The French elections were the only real political risk and this has now past. British elections will be about the size of the Tory majority, not if they will win. German elections will possibly see an increase in representation for incumbent Merkel’s coalition if not party. Italian elections are still some time away. Equity and credit markets should by rights come to be driven by company performance, a boon to long short, stock picking funds. Yet BTP spreads to Bunds is 1.79, well above the 1% of 2015/2016. OAT Bund spreads have receded from 0.8 to 0.45 but are still above the 0.30 – 0.40 band of 2015/2016. And well they should. They may in fact be too tight, if one considers the bigger picture. France and Germany may choose, Europe, but there is a growing constituency of the disaffected who chose Le Pen, mostly the young and the unemployed. The young will live to fight another day. Europe faces Brexit by 2019, a war they will in all probability win, in what will certainly be a Pyrrhic Victory. Europe’s banks are getting healthier by the day, but do so with glacial reluctance. And without Britain’s pro-business lobby, will the Germans find their voice against Statist France?

For the moment, Europe is in the midst of a cyclical upswing. Trade it. Europe’s companies are some of the world’s most global. They suffered when world trade slowed and they will prosper in the rebound. Europe provides an efficient means of buying emerging market exposure for investors seeking to take money out of EM but not putting money into it. The luxury sector has been a levered China play since 2010, it faltered with China but now prospers with it. Europe’s banks tardiness at cleaning up balance sheets, their endless negotiations with their regulators and the ECB provide good yield opportunities as credit improves sufficiently slowly for more calculating investors.

Investor Complacency? We think not. Stay risk on.

(source: Bloomberg)

VIX, an indicator of implied volatility for the US stock market, has been chronically low, and surprisingly low given the geopolitical and economic concerns in the economy. Market consensus is that the US stock market is expensive and that growth may not be as strong as expected, especially if the expected fiscal stimulus policies of President Trump are not implemented. VIX, however, gives an incomplete picture of market sentiment. The low level of VIX leads some investors to regard the market as complacent and therefore prone to sharp corrections. An alternative, or more accurately, complementary indicator, is SKEW. This measures the skew of the option volatility surface. Put simply, a high skew is an indication that put implieds are higher than call implieds, in other words, put options are more expensive and call options are cheaper.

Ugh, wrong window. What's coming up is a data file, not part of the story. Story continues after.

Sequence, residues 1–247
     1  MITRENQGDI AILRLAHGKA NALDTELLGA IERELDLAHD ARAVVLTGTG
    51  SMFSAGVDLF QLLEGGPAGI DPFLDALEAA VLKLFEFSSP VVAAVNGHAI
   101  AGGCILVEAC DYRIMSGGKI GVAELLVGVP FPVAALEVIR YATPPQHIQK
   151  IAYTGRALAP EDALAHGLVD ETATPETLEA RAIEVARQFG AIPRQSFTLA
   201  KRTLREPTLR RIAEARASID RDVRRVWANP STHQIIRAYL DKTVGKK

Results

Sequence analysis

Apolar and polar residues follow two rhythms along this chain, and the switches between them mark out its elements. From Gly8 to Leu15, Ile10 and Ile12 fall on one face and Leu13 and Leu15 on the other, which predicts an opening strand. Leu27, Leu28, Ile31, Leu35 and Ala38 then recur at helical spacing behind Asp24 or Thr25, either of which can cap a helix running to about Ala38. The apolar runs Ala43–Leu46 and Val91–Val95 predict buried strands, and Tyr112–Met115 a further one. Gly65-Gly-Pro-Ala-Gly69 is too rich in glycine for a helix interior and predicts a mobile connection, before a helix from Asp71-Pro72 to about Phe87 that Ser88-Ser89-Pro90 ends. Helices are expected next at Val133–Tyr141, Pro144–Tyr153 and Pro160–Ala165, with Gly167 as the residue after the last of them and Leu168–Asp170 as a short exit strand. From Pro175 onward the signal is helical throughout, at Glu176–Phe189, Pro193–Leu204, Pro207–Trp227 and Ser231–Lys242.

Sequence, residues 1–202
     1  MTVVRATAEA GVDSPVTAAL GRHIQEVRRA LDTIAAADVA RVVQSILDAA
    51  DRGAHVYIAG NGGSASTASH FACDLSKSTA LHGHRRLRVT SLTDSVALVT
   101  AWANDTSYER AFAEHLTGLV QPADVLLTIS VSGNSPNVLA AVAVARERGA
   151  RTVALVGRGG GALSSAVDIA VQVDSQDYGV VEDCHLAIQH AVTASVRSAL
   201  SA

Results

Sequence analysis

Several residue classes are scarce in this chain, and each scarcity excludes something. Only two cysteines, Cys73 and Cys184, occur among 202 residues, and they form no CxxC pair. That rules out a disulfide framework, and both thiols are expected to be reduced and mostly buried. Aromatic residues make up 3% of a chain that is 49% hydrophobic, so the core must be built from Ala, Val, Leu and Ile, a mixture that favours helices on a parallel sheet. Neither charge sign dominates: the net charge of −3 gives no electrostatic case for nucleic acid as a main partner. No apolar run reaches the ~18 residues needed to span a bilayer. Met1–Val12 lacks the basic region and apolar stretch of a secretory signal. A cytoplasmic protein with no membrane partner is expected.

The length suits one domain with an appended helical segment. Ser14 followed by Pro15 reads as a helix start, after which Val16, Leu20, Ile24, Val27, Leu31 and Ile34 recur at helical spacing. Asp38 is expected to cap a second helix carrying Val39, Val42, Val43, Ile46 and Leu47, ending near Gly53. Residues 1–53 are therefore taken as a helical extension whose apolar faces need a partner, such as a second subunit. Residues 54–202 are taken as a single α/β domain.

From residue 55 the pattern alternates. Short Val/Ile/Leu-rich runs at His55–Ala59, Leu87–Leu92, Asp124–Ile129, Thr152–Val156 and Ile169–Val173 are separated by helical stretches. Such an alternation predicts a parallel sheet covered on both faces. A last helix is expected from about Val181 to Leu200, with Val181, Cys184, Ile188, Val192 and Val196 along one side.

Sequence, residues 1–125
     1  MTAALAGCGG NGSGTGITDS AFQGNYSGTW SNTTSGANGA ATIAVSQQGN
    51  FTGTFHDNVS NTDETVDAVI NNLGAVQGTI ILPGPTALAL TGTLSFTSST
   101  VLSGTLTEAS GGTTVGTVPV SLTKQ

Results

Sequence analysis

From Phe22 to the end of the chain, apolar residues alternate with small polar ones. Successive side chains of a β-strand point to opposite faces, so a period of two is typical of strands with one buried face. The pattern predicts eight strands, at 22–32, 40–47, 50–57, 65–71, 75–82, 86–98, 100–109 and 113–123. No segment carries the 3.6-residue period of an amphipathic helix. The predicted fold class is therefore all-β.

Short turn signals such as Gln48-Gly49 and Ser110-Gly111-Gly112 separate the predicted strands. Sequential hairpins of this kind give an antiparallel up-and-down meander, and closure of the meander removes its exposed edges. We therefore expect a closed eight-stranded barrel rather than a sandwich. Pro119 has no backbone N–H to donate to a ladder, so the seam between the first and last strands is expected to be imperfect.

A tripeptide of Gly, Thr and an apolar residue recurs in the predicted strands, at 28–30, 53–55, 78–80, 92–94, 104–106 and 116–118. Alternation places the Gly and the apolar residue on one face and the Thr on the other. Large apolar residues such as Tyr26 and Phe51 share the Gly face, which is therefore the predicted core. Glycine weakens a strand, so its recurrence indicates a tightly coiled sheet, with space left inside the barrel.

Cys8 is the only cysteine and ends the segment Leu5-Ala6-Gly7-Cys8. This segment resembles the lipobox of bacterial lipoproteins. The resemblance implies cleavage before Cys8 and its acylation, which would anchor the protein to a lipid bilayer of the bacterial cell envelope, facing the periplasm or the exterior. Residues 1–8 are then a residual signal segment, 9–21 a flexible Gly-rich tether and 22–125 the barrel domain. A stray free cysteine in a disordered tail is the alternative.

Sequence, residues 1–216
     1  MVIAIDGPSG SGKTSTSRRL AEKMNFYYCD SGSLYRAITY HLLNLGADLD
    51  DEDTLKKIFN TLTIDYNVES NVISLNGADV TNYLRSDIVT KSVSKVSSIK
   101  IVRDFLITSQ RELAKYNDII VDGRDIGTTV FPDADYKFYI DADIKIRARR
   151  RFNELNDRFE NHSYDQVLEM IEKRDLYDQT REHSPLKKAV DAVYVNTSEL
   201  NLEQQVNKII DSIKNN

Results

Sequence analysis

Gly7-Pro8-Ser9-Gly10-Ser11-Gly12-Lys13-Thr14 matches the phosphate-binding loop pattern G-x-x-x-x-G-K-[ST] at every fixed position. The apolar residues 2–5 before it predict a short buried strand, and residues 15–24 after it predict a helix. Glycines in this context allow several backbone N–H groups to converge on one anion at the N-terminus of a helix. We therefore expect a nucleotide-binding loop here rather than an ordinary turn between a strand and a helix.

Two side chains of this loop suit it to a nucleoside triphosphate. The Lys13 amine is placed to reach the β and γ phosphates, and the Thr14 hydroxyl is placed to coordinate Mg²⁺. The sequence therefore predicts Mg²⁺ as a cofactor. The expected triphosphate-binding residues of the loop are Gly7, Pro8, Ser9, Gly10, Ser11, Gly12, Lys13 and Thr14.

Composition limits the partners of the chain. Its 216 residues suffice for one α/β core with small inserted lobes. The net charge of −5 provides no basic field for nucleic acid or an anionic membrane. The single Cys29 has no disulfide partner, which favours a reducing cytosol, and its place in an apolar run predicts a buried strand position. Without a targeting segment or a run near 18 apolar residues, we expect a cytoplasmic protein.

Skew is high even though VIX is low. One possible explanation is that call writing by dividend and income mutual funds and exchange traded products is over-supplying call options while investor caution is over-demanding put options. If this conjecture is correct, it is an indication that investors are far less complacent than indicated by simply looking at VIX.

Oil: Positive US energy E&P

OPEC is in session and May 25 is when they are expected to announce production cuts at least into next March. Anything less will be taken as a sign of weakness. There is no stopping US shale, the free riders who will profit from any production cut. For OPEC, however, a stable oil prices are a matter of survival. The long term demand and supply dynamics favour higher oil prices. In the US, crude inventories are in sixth week of draws and gas and distillate are now in their third week of draws. Increasing rig count is having smaller marginal effects on supply, as expected, as recovery rates decline. What may be more important than all this is that China’s oil demand continues to rise while domestic production has fallen some 9% from 2016 highs.

Week ahead:

May 20

  • European finance ministers meet in Brussels

May 21

  • UK house prices
  • Japan trade data

May 22

  • Swiss trade data

May 23

  • Singapore CPI
  • Germany GDP, Ifo report

May 24

  • European Composite, Manufacturing and Services PMI
  • US housing data
  • Tusk, Juncker to meet Trump in Brussels

May 25

  • UK GDP
  • Spain GDP
  • HK trade data
  • Japan inflation data

May 26

  • US GDP
  • Singapore industrial production
  • Fed’s Bullard speaks in Tokyo
  • Taiwan GDP
  • US durable goods, core PCE, U Michigan